574. The explanation of the development of the ring involves some additional principles: as the sphere of oil spins round in the liquid, its surface is retarded by friction; so that when the velocity attains a certain amount, the internal portions of the sphere, which are in the neighbourhood of the spindle, are driven from the centre into the outer portions, but the full account of the phenomenon cannot be given here.[Pg 276]

575. The earth was, we believe, originally in a fluid condition. It had then, as it has now, a diurnal rotation, and one of the consequences of this rotation has been to cause the form to be slightly protuberant at the equator, just as we have seen the sphere of oil to bulge out under similar conditions.

576. Bodies lying on the earth are whirled around in a great circle every day. Hence, if there were not some force drawing them to the centre, they would fly off at a tangent. A part of the earth’s attraction goes for this purpose, and the remainder, which is the apparent weight, is thus diminished by a quantity increasing from the pole to the equator (Art. 86).


577. These principles have many applications in the mechanical arts; we shall mention two of them. The first is to the governor-balls of a steam-engine; the second is to the process of sugar refining.

An engine which turns a number of machines in a factory should work uniformly. Irregularities of motion may be productive of loss and various inconveniences. An engine would work irregularly either from variation in the production of steam, or from the demands upon the power being lessened or increased. Even if the first of these sources of irregularity could be avoided by care, it is clear that the second could not. Some machines in the mill are occasionally stopped, others occasionally set in motion, and the engine generally tends to go faster the less it has to do. It is therefore necessary to provide means by which the speed shall be restrained within narrow limits, and it is obviously desirable that the contrivance used for this purpose should be self-acting. We must, therefore, have some arrangement which shall [Pg 277]admit more steam to the cylinder when the engine is moving too slowly, and less steam when it is moving too quickly. The valve which is to regulate this must be worked by some agent which depends upon the velocity of the engine; this at once points to circular motion because the force acting on the revolving body depends upon its velocity. Such was the train of reasoning which led to the happy invention of the governor-balls: these are shown in Fig. 79.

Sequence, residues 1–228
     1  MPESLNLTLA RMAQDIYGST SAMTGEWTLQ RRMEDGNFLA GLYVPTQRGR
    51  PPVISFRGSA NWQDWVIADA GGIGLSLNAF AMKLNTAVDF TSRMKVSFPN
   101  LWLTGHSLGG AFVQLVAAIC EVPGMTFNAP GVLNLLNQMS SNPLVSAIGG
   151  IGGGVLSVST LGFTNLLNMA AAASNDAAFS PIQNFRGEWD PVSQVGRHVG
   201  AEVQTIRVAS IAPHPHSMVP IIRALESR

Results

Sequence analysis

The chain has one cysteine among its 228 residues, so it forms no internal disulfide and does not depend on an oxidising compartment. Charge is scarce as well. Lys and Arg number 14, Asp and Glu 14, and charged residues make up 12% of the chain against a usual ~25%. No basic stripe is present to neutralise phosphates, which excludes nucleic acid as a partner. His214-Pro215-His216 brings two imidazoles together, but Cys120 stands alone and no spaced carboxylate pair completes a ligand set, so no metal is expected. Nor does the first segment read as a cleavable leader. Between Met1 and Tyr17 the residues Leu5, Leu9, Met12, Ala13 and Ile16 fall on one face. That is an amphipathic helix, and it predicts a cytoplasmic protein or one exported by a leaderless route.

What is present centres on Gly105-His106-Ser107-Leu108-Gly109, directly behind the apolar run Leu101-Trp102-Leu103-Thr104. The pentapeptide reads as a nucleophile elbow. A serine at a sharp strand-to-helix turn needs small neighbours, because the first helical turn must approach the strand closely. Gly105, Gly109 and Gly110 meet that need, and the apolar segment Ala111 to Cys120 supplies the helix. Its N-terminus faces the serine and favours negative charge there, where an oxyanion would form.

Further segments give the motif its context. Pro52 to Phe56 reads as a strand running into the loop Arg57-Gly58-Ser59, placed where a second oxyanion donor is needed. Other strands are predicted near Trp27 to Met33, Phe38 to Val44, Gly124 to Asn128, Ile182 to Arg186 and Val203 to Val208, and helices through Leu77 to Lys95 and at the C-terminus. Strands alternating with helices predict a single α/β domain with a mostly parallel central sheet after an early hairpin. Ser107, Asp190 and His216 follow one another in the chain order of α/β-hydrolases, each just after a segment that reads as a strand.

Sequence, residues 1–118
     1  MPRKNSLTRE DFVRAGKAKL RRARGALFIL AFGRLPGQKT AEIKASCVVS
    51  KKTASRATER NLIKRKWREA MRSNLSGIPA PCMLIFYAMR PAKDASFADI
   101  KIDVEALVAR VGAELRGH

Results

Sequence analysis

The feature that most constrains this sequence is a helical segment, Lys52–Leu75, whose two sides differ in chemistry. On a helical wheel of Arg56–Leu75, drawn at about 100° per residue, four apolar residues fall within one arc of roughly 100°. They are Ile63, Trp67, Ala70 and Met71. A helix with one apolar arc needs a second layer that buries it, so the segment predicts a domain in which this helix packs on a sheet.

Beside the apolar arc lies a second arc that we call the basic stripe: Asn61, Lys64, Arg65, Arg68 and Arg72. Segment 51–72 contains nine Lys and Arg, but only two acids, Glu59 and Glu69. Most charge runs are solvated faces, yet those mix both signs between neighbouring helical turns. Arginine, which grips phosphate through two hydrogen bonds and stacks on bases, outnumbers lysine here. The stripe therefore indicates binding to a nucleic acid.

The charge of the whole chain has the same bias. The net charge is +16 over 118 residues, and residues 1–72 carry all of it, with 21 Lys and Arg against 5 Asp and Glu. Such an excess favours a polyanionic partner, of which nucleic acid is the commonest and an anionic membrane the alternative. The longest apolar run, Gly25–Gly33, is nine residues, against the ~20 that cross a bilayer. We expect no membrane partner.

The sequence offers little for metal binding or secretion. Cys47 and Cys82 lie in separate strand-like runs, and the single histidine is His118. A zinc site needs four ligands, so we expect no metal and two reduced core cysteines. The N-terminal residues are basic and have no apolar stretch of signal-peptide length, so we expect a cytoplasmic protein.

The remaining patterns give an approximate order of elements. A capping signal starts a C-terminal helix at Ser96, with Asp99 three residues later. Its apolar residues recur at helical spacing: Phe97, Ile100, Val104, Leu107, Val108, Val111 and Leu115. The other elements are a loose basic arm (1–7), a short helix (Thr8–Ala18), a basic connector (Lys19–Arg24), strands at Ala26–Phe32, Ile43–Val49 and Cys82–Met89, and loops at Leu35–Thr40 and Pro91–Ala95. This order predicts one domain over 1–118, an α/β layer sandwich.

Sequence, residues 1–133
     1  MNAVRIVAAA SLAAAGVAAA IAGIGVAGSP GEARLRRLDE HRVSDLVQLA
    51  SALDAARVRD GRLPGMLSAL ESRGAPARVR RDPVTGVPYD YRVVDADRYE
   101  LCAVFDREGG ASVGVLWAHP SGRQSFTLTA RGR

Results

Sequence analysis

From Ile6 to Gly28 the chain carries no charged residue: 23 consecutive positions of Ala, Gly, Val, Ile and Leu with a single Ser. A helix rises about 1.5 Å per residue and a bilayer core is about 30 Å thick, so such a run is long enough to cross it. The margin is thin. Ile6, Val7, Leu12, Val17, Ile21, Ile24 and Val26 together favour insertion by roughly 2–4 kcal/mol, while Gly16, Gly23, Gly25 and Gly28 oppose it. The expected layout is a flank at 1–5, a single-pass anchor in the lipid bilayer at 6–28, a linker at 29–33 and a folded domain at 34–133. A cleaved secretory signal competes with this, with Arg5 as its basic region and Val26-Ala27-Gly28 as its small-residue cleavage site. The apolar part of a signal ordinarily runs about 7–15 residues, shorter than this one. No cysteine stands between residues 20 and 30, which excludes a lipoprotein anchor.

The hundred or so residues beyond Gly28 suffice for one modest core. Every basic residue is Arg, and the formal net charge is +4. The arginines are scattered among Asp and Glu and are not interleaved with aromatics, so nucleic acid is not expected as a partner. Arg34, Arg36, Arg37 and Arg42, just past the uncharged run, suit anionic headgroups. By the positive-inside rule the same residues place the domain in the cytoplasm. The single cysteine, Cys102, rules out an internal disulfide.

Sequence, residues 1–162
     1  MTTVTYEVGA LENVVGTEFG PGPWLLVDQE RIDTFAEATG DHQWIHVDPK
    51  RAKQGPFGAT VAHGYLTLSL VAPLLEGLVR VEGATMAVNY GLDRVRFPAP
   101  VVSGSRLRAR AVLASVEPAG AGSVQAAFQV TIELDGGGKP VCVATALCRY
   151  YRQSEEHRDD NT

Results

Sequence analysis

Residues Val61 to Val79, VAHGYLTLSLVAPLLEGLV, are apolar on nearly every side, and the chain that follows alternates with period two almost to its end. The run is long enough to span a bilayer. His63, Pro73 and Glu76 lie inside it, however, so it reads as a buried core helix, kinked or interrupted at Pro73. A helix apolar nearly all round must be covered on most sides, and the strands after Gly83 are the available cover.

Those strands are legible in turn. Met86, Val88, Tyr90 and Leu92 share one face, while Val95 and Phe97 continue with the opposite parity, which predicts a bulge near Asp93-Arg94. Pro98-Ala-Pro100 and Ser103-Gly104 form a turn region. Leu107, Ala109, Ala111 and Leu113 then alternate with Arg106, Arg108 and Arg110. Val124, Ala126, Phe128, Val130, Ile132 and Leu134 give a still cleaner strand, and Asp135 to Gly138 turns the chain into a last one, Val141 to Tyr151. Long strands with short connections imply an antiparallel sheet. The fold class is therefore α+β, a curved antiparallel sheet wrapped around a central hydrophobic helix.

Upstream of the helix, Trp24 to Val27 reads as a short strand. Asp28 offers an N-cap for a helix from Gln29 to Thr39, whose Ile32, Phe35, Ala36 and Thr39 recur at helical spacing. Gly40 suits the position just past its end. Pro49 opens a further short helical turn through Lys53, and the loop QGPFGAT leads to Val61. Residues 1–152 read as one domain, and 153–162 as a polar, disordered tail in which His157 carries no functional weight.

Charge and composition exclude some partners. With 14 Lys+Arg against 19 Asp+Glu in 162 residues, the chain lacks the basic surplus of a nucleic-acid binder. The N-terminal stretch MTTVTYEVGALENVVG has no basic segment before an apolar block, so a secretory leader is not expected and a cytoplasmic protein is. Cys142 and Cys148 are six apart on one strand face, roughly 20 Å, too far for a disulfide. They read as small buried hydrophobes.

Fig. 79.

a b is a vertical spindle which is turned by the engine. p p is a piece firmly attached to the spindle and turning with it. p w, p w are arms terminating in weights w w; these are balls of iron, generally very massive: the arms are free to turn round pins at p p. At q q links are placed, attached to another piece r r, which is free to slide up and down the spindle. When a b rotates, w and w are carried round, and therefore fly outwards from the spindle; to do this they must evidently pull the piece r r up the shaft. We can easily imagine an arrangement by which r r shall be made to shut or open the steam-valve according as it ascends or descends. The problem is then solved, for if the engine begin to go too rapidly, the balls fly out further just as they did in Fig. 74: this movement raises the piece r r, [Pg 278]which diminishes the supply of steam, and consequently checks the speed. On the other hand, when the engine works too slowly, the balls fall in towards the spindle, the piece r r descends, the valve is opened, and a greater supply of steam is admitted. The objection to this governor is that though it moderates, it does not completely check irregularity. There are other governors occasionally employed which depend also on circular motion; some of these are more sensitive than the governor-balls; but they are elaborate machines, only to be employed under exceptional circumstances.